How to use gravitational waves to measure the expansion of the universe
On the morning of Aug. 17, 2017, after traveling for more than a hundred million years, the aftershocks from a massive collision in a galaxy far, far away finally reached Earth.
These ripples in the fabric of spacetime, called gravitational waves, tripped alarms at two ultra-sensitive detectors called LIGO, sending texts flying and scientists scrambling. One of the scientists was Prof. Daniel Holz at the University of Chicago. The discovery had provided him the information he needed to make a groundbreaking new measurement of one of the most important numbers in astrophysics: the Hubble constant, which is the rate at which the universe is expanding.
The Hubble constant holds the answers to big questions about the universe, like its size, age and history, but the two main ways to determine its value have produced significantly different results. Now there was a third way, which could resolve one of the most pressing questions in astronomy—or it could solidify the creeping suspicion, held by many in the field, that there is something substantial missing from our model of the universe.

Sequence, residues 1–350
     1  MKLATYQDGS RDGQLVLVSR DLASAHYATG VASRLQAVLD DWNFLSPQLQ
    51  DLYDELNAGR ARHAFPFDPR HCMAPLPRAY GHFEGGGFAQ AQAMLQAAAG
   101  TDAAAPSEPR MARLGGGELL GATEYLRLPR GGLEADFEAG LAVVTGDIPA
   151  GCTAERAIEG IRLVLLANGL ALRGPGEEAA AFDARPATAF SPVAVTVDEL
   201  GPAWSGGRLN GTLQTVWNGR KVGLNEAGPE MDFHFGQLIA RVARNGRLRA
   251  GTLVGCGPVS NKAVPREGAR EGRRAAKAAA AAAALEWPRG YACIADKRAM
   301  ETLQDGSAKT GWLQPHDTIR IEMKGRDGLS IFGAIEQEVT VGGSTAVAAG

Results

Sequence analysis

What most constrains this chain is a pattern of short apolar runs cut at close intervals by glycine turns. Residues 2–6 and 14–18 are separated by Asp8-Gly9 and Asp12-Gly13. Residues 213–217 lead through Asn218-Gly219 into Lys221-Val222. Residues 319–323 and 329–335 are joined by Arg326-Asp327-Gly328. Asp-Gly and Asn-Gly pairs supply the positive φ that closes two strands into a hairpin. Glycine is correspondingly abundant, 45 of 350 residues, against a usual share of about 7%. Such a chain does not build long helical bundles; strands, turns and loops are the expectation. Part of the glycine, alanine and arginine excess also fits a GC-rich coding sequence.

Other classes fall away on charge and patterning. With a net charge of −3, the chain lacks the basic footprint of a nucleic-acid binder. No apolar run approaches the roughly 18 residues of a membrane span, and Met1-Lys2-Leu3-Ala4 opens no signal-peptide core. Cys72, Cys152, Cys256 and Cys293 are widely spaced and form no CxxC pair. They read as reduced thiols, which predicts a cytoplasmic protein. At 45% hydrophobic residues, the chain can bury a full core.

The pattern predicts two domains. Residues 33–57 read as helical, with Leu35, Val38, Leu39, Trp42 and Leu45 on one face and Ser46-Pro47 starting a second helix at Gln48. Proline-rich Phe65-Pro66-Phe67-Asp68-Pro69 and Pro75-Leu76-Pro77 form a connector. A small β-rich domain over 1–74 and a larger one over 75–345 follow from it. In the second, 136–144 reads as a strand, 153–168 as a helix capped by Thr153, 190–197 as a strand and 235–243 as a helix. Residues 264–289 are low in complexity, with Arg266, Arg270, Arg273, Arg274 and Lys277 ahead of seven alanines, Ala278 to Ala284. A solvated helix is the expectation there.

"In a flash, we had a brand-new, completely independent way to make a measurement of one of the most profound quantities in physics," said Holz. "That day I'll remember all my life."
As LIGO turns back on April 1, Holz and other scientists are preparing for more data that could shed light on some of the universe's biggest questions.
We've known the universe is expanding for a long time (ever since eminent astronomer and UChicago alum Edwin Hubble made the first measurement of the expansion in 1929, in fact) but in 1998, scientists were stunned to discover that the rate of expansion is not slowing as the universe ages, but actually accelerating over time. In the following decades, as they tried to precisely determine the rate, it has become apparent that different methods for measuring the rate produce different answers.
One of the two methods measures the brightness of supernovae–exploding stars– in distant galaxies; the other looks at tiny fluctuations in the cosmic microwave background, the faint light left over from the Big Bang. Scientists have been working for two decades to boost the accuracy and precision for each measurement, and to rule out any effects which might be compromising the results; but the two values still stubbornly disagree by almost 10 percent.